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MS Activist Byron Poisel Travels Across Nebraska in his Power Wheelchair to Raise Awareness

July 15, 2015

July 14, 2015 - In an effort to raise awareness about multiple sclerosis (MS), District Activist LeaderByron Poisel completed a journey from Hebron to Omaha, Nebraska, using only his power chair. Byron was accompanied by his immediate and extended family, and had been planning the trip for nearly a year.

Poisel had a number of stops scheduled during his ride, one of which was Lincoln, Nebraska. There, Poisel met with his state senator, Senator Ebke, to raise awareness about MS, to tell his story, and to familiarize himself with his elected officials. This was Poisel’s first visit to his state capitol, but he promises that it won’t be his last.

Poisel, who used to be a frequent runner, relies primarily on his power chair for mobility since he was diagnosed with progressive-relapsing MS more than 2 years ago. Despite the fact that MS has diminished his ability to run, Byron said that he still felt the rush from having the wind in his face as he progressed on his 155 mile journey.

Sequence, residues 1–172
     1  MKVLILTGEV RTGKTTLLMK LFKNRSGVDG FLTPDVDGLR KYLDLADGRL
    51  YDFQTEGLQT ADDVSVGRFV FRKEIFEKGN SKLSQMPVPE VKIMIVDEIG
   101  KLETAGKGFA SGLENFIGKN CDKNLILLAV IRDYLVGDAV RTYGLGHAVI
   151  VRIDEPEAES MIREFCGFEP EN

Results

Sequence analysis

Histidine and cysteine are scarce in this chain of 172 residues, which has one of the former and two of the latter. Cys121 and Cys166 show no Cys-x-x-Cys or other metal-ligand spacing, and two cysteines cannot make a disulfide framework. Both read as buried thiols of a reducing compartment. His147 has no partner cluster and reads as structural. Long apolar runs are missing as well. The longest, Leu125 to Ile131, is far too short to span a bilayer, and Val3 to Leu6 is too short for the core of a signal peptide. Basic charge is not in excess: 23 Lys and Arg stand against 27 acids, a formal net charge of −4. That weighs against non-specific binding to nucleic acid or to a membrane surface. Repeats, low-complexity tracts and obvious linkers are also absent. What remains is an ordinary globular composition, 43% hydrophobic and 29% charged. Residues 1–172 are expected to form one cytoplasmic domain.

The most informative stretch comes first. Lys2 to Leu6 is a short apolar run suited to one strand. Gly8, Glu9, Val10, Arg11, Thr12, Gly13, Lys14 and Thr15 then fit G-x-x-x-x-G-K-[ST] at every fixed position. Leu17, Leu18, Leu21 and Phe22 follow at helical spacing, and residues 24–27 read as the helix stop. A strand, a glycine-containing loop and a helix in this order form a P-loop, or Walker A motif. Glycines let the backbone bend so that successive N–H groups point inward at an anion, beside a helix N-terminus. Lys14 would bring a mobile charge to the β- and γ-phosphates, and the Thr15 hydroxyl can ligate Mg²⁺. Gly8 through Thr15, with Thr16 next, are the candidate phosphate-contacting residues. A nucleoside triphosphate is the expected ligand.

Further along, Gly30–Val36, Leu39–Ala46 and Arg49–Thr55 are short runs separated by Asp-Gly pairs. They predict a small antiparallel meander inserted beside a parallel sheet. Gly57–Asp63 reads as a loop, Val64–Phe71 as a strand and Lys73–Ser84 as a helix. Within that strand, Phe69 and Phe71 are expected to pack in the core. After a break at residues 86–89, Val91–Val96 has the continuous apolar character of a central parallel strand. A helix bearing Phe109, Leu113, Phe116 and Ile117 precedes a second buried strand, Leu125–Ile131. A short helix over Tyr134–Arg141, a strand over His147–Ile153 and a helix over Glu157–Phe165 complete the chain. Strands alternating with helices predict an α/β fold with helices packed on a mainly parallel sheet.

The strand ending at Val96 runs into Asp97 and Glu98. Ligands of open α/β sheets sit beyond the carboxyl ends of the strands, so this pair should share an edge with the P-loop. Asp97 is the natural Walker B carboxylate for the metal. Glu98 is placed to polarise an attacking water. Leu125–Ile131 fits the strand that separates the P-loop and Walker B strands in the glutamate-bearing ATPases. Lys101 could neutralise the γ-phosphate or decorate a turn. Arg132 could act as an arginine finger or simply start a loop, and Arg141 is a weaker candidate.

During his trip, the Journal Star published a story about Byron, which garnered a lot of attention. Byron recounted, “once the article was published, I immediately noticed an increase in public awareness. People along the journey began honking, waving, and cheering for me from their cars. When we last checked, the story had been shared 3,400 times. 155 miles later and countless lives made more aware of MS – that makes this a success in my book!”

About Multiple Sclerosis

Multiple sclerosis is an unpredictable, often disabling disease of the central nervous system that disrupts the flow of information within the brain, and between the brain and body. Symptoms range from numbness and tingling to blindness and paralysis. The progress, severity and specific symptoms of MS in any one person cannot yet be predicted, but advances in research and treatment are leading to better understanding and moving us closer to a world free of MS. Most people with MS are diagnosed between the ages of 20 and 50, with at least two to three times more women than men being diagnosed with the disease. MS affects more than 2.3 million people worldwide.


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